In 1821 a lighthouse was built on the southern peninsula. In the 1870s the farm buildings were rebuilt to a planned programme and architectural style, mostly comprising pairs of conjoined houses with a shared yard adjacent. There are ten farmhouses, all of which lie along the axial north-south road, except for Carreg Fawr, which stands a short distance to the west of it. Only one house, Carreg Bach, a croglofft cottage, survived the rebuilding, a little to the south of the Abbey ruins. All ten houses are
listed buildings, with examples of associated farm courtyards, outhouses and enclosure walls. A chapel (Methodist) with chapel house adjacent was built by Lord Newborough, at the tenants request, in 1875. It now provides an ecumenical service. The two early Medieval stone memorials described above are housed within the chapel.
Notwithstanding Penant’s eighteenth-century description of the abbot’s house and what would appear to have been elements of the Priory church and scattered remains, the only surviving structural component of the conventual buildings is the ruin of a thirteenth-century tower on the site of the priory, at the north end of the island.
In 1960, the permanent population of the island had reduced to seven residents. In 1979 the island was bought by the Bardsey Island Trust and is now managed by the Trust in conjunction with the Countryside Council for Wales and Cadw. The late nineteenth century design of the estate-planned farmhouses together with the contemporary Methodist chapel and the relatively recent field system have redefined the man-made landscape of Bardsey. The character of the Bardsey landscape is, therefore, one of insular isolation while, at the same time, displaying several indications of estate planning and heritage management.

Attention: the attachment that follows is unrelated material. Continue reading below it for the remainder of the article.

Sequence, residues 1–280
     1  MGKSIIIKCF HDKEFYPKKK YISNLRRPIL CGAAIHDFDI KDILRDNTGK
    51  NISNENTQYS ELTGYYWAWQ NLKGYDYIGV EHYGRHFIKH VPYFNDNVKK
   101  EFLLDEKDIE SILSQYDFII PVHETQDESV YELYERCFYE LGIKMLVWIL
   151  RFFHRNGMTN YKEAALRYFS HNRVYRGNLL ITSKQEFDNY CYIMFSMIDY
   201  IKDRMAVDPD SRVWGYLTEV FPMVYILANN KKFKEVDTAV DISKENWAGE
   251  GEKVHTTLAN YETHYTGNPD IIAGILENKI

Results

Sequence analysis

Historic Landscape Character
Bardsey, a Scandinavian designation, or Enlli in Welsh, is well known for its monastic associations. The early history of the island is, however, obscure. Islands in the western sea have a numinous quality which, in a pagan context and in later tradition, are associated with deities, regeneration, timelessness and everlasting life. A fifteenth-century text recalls a tradition wherein Merddin (Merlin) occupies the place (Clas Merddin) having secreted the thirteen treasures of the Island of Britain there. Among these treasures are talismans of rebirth and plenty. It is not uncommon that a place, particularly an island, considered to be sacred in a Pagan context, should be succeeded by a Christian community.
The island presents a landscape of dramatic contrasts between the rocky, uncultivated mountain and the neat, enclosed agricultural fields and associated farmhouses on the western plain. Despite the comprehensive exercise in Victorian estate management carried out in the 1870s, the slight visible remains of an important Medieval and early Medieval monastic community and the evidence of round houses, and possible medieval platform houses, display a contrasting facet to that of the pattern of more recent farmlands.
The association between the island and the church of the monastic clas of Aberdaron on the mainland and the extensive mainland interests of the Abbey of St Mary after 1200 is important.